Net income was $242 million, or 21 cents per share. That includes one-time gains like income from selling a hydroelectric project.
Without those gains, the company would have made six cents per share — exactly what analysts expected, according to FactSet — on revenue of $5.90 billion. Sales were higher than the $5.58 billion that analysts predicted.
A year ago, the company posted a fourth-quarter loss of $191 million, or 18 cents per share, on revenue of $5.99 billion, and a loss after special items of 3 cents per share.
The weak global economy has hurt demand for aluminum used in everything from airplanes to soda cans. But Alcoa sees demand growing 7 per cent in 2013, up from a 6 per cent gain in 2012, with the best prospects in aerospace but slower improvement in demand for autos, packaging, and building and construction materials.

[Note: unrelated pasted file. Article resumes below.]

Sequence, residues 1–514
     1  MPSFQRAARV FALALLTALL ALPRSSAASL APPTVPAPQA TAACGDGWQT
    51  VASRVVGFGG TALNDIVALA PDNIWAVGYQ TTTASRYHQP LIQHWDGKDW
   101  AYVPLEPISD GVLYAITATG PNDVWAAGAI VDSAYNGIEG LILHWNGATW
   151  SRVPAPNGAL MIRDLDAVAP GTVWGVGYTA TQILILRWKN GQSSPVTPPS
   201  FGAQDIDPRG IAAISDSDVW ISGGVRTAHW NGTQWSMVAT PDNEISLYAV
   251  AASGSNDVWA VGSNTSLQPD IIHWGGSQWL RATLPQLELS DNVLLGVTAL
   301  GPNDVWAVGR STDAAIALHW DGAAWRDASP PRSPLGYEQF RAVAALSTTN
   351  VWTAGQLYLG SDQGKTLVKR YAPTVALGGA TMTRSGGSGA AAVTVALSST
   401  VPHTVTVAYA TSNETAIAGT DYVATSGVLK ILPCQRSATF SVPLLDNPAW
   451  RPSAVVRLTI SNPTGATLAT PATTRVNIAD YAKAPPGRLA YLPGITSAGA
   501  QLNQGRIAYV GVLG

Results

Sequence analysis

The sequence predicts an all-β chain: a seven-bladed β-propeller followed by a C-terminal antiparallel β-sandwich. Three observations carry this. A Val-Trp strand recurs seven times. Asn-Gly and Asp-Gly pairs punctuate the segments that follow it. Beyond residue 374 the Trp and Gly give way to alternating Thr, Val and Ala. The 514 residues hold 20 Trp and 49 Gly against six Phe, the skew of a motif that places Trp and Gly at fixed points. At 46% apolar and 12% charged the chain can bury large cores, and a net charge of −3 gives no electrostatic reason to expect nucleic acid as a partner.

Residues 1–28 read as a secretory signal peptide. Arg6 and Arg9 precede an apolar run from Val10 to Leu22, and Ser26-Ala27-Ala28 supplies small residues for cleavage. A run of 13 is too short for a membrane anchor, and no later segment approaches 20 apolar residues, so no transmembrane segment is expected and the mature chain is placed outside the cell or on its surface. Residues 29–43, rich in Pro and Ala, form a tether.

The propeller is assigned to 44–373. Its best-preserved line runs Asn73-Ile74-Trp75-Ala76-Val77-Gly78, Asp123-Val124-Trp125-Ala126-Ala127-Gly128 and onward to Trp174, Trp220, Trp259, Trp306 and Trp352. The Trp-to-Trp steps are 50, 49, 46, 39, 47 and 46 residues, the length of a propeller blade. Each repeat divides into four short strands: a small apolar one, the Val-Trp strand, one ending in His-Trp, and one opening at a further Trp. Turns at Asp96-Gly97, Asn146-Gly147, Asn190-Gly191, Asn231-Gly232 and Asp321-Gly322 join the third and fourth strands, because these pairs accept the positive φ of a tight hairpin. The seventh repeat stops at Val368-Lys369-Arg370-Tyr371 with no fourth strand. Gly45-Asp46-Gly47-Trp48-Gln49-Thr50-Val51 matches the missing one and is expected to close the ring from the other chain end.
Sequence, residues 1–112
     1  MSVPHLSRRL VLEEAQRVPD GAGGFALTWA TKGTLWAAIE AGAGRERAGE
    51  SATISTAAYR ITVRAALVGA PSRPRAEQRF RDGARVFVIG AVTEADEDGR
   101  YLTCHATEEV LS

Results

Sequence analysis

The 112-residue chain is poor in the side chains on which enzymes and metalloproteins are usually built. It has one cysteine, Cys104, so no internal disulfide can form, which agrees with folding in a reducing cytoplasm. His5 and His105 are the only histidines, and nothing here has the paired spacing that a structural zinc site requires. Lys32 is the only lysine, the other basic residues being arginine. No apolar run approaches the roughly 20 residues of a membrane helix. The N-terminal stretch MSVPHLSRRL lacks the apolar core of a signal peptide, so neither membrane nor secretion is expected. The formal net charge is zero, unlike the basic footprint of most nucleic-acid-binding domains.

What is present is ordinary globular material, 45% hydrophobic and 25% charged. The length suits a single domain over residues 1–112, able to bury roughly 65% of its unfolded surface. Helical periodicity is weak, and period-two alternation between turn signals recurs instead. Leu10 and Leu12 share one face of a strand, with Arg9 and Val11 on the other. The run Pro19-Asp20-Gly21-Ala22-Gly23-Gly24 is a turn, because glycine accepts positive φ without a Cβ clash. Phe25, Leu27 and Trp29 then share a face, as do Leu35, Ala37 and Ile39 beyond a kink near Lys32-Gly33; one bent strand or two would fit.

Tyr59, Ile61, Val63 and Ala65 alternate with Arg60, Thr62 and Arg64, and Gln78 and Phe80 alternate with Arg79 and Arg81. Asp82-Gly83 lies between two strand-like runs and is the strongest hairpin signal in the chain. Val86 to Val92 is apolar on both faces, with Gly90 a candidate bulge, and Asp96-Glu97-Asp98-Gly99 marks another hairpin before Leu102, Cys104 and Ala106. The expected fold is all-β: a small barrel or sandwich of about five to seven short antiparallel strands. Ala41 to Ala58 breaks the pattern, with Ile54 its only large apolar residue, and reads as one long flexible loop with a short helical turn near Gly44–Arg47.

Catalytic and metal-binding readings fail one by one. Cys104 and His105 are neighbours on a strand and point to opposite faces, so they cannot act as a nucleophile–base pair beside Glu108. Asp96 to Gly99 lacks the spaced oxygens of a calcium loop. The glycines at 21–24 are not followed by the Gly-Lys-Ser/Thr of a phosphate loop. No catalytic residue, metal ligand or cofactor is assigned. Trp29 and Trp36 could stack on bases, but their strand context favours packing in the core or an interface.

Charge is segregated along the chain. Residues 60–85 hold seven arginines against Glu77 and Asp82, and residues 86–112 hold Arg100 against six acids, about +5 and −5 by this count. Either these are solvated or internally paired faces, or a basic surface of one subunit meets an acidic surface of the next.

The company said it hit record profits in its aluminum-rolling and product-making businesses while cutting costs in its mining and refining or "upstream" segment.
Chairman and CEO Klaus Kleinfeld said the company overcame volatile aluminum prices and global economic weakness and was in "strong position to maximize profitable growth" in 2013.
Alcoa is the first company in the Dow Jones industrial average to report fourth-quarter earnings. Because it makes aluminum for so many key industries, investors study Alcoa's results for clues about the health and direction of the overall economy.
Alcoa shares ended regular trading where they began, unchanged at $9.10. In after-hours trading following the earnings report, the stock gained 14 cents to $9.24.